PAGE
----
This question seems daunting initially, but decimals in octal work a lot like decimals in base 10. For us, if we see 0.5675 in decimal, we can also express it as:
`5/10+6/100+7/1000+5/10000 = 5*10^-1 + 6*10^-2 + 7*10^-3 +5*10^-4`
The same principle is behind the decimal in octal. The above octal number can be expressed as:
`5*8^-1 + 6*8^-2 + 7*8^-3 + 5*8^-4`
In other words:
`5/8 + 6/64 + 7/512 + 5/4096`
Now, few people can convert this easily to a decimal without some massive long division, so let's just use a calculator to add these fractions to get our resultant base-10 decimal (redundant, I know):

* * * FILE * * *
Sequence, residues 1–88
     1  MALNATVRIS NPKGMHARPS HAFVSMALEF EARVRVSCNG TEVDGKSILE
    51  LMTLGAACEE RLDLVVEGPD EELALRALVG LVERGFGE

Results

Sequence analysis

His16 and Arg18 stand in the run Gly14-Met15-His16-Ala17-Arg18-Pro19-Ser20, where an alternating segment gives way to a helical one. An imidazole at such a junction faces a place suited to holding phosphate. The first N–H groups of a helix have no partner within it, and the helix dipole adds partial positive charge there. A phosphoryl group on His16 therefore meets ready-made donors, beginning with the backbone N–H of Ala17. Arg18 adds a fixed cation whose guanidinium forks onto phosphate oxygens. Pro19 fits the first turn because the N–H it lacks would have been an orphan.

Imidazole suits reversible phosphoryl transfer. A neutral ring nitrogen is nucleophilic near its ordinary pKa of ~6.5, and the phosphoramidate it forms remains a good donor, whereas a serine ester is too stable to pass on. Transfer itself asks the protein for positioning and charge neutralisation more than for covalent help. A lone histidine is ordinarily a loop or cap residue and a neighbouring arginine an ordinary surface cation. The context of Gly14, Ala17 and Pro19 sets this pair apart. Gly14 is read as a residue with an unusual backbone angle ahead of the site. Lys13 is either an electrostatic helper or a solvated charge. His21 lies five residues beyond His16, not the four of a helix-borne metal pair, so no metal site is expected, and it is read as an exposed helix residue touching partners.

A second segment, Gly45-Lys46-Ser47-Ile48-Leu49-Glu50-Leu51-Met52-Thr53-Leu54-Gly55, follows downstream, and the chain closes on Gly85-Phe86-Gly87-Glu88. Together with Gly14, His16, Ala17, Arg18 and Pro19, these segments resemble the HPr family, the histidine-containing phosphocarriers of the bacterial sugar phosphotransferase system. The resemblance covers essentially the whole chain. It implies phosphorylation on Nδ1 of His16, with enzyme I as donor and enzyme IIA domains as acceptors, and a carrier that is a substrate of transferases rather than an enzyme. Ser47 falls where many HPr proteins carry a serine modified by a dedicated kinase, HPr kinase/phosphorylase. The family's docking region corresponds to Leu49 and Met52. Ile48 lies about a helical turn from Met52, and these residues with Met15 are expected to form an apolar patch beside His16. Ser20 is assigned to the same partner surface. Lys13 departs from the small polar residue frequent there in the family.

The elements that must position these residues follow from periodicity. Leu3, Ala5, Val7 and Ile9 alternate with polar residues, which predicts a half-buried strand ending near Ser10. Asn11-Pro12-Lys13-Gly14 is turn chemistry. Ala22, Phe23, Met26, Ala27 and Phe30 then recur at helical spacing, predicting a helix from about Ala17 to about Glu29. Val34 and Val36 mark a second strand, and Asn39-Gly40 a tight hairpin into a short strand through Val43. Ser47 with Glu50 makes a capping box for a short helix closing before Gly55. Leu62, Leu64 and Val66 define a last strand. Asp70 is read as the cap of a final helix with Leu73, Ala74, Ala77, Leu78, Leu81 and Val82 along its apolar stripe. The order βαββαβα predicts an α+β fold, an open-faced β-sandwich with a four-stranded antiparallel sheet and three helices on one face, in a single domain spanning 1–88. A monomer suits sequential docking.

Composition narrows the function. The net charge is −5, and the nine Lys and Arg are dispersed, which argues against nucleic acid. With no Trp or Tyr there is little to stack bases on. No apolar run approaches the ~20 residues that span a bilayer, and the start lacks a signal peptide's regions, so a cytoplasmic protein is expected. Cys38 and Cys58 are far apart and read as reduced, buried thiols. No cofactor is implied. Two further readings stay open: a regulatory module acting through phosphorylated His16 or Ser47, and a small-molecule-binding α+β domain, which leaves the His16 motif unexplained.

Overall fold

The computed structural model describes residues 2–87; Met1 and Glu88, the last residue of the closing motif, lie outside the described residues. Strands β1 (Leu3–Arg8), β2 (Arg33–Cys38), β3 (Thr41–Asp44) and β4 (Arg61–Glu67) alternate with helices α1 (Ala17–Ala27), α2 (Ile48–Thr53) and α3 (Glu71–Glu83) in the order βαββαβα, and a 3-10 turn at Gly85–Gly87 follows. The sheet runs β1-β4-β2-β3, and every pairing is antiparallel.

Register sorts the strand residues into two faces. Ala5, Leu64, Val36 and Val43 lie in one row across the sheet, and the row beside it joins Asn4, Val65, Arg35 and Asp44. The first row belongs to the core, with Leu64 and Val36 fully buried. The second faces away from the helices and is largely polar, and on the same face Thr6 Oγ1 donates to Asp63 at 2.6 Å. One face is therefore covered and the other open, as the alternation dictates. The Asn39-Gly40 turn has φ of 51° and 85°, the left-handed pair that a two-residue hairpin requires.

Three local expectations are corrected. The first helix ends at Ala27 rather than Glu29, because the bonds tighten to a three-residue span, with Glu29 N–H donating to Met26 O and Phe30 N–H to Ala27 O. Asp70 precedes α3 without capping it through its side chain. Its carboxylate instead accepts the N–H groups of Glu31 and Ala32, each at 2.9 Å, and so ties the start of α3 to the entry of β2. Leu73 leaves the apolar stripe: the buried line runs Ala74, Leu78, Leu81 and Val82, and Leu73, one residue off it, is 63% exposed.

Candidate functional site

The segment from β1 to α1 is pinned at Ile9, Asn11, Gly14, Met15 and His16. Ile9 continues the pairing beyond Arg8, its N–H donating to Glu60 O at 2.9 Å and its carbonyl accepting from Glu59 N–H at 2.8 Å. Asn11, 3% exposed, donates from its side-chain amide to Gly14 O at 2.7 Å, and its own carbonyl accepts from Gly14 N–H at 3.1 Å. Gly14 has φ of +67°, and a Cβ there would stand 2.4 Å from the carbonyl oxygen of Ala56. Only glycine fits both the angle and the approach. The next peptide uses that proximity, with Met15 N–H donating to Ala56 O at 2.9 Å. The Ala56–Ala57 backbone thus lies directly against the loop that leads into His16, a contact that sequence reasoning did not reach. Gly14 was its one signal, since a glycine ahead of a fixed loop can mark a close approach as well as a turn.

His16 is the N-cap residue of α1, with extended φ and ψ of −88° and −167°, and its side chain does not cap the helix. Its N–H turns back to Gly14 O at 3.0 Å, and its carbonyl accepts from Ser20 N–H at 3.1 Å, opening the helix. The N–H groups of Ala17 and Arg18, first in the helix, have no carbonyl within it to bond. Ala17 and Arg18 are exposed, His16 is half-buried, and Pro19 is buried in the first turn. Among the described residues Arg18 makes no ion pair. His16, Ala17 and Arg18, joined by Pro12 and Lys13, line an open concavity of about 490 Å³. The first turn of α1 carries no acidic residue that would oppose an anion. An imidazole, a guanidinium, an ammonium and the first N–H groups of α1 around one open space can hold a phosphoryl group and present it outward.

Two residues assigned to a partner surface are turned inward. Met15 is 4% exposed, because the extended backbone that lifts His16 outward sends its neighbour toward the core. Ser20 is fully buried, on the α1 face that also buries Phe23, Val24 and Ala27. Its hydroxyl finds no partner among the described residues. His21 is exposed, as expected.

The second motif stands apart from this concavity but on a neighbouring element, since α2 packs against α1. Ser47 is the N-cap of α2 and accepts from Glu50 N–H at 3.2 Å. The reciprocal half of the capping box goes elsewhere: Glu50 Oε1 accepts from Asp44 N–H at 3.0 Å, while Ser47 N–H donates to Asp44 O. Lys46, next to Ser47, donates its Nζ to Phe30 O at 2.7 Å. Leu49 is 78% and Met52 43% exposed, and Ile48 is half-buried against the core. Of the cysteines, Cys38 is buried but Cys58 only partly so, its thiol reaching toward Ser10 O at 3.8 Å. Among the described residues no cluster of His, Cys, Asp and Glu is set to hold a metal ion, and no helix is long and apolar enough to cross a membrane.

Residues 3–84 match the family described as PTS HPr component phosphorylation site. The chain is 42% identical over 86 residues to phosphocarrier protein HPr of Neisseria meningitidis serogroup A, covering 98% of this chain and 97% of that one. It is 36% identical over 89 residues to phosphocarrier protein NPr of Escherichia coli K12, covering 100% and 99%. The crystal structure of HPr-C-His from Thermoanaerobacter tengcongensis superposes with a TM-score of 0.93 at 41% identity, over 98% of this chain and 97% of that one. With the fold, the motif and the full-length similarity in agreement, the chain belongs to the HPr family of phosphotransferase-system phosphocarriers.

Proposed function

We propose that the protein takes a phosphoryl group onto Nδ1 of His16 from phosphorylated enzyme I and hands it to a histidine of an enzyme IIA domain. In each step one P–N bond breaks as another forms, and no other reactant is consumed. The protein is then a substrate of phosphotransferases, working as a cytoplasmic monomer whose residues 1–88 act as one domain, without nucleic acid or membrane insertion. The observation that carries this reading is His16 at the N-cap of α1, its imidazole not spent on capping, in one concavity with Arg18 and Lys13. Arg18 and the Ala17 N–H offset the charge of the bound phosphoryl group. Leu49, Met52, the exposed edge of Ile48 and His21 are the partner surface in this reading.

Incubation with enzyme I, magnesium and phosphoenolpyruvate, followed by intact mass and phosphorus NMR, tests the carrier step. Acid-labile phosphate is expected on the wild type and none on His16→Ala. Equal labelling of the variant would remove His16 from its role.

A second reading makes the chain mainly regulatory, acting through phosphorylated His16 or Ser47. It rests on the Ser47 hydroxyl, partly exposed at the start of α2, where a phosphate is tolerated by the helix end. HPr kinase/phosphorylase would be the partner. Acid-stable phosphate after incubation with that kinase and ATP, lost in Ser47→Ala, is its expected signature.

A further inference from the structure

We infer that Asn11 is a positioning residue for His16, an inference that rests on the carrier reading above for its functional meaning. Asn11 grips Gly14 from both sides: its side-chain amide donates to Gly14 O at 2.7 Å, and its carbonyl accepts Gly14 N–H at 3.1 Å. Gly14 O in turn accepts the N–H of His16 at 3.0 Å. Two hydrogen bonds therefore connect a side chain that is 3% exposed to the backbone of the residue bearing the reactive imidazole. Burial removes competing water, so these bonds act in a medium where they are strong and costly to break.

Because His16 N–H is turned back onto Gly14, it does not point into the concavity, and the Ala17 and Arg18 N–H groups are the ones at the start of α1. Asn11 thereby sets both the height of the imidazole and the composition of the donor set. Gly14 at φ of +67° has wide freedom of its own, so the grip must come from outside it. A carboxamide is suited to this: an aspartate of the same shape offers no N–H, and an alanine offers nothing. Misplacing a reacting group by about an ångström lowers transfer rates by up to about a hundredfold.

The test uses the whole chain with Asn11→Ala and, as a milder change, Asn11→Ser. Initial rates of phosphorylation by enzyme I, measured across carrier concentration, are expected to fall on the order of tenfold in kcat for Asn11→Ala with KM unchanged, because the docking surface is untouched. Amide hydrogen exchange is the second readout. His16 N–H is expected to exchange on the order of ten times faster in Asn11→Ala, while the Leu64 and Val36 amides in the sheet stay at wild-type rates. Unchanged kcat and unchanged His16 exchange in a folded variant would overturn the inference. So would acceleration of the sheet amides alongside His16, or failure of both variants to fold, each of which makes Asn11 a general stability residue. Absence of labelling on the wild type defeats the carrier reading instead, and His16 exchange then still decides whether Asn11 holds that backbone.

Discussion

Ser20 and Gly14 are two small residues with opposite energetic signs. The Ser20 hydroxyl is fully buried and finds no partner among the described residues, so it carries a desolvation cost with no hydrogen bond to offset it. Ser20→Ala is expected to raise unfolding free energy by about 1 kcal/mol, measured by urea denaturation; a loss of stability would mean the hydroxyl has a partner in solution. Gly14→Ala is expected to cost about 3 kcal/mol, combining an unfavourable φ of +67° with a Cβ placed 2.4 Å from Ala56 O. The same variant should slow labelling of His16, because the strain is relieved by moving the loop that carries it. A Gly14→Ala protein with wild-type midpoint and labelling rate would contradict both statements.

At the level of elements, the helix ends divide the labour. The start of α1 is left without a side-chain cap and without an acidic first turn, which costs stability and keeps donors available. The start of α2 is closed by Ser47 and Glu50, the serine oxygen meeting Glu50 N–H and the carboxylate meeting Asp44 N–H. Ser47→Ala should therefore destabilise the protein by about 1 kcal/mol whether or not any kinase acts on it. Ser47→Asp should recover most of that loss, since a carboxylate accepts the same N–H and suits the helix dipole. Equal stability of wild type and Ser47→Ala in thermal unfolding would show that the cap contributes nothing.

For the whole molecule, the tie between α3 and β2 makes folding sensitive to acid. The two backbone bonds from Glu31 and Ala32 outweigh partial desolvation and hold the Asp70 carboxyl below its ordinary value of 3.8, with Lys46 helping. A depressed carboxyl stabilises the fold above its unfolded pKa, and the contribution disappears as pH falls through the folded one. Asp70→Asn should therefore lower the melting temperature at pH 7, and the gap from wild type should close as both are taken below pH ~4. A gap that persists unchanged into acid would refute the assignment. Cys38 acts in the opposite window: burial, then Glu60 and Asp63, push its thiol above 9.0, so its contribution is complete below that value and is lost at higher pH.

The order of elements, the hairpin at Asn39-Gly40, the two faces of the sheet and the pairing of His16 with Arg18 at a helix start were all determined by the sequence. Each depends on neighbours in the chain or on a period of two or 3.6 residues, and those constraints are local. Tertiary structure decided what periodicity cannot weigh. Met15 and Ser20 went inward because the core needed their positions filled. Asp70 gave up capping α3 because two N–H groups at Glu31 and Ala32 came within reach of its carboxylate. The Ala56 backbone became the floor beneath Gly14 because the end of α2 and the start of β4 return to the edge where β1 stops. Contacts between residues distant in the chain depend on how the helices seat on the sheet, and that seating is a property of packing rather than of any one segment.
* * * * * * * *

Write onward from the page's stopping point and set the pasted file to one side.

`5/8+6/64+7/512+5/4096 = 0.733642578125`
And you're done!
Side Note: It's a long decimal, but you'd expect that because for every power of `1/2` you end up adding a digit to the length of your decimal in its fully-reduced form. For example: `1/2 = 0.5` , `1/4 = (1/2)^2 = 0.25` , etc. Our largest denominator is 4096, making the fraction a multiple of `(1/2)^12` so, we should expect our decimal to have 12 digits, no more, no less (which it does!).